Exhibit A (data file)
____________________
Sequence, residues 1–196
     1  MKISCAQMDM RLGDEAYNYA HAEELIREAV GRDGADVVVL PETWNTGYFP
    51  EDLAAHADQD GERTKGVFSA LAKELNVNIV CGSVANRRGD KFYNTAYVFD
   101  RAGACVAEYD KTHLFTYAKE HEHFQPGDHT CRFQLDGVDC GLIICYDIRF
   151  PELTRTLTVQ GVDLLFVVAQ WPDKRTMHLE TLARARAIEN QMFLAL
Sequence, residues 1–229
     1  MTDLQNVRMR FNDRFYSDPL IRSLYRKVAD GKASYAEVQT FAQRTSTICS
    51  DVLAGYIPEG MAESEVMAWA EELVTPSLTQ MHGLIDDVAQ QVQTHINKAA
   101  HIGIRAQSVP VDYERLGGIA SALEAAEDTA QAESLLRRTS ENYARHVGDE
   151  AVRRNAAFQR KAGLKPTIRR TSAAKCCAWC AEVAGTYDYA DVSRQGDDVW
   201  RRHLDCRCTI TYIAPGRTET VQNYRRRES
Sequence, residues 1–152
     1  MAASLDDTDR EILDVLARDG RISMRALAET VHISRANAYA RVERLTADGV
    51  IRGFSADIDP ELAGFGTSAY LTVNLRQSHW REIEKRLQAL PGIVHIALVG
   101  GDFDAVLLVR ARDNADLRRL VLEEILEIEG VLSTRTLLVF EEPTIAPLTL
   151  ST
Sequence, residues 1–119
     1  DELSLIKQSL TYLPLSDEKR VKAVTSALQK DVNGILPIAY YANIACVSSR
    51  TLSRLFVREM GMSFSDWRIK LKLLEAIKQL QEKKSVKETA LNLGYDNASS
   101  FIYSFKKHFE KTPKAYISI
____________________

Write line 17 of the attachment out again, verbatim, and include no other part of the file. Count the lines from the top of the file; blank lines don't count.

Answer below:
Sequence, residues 1–119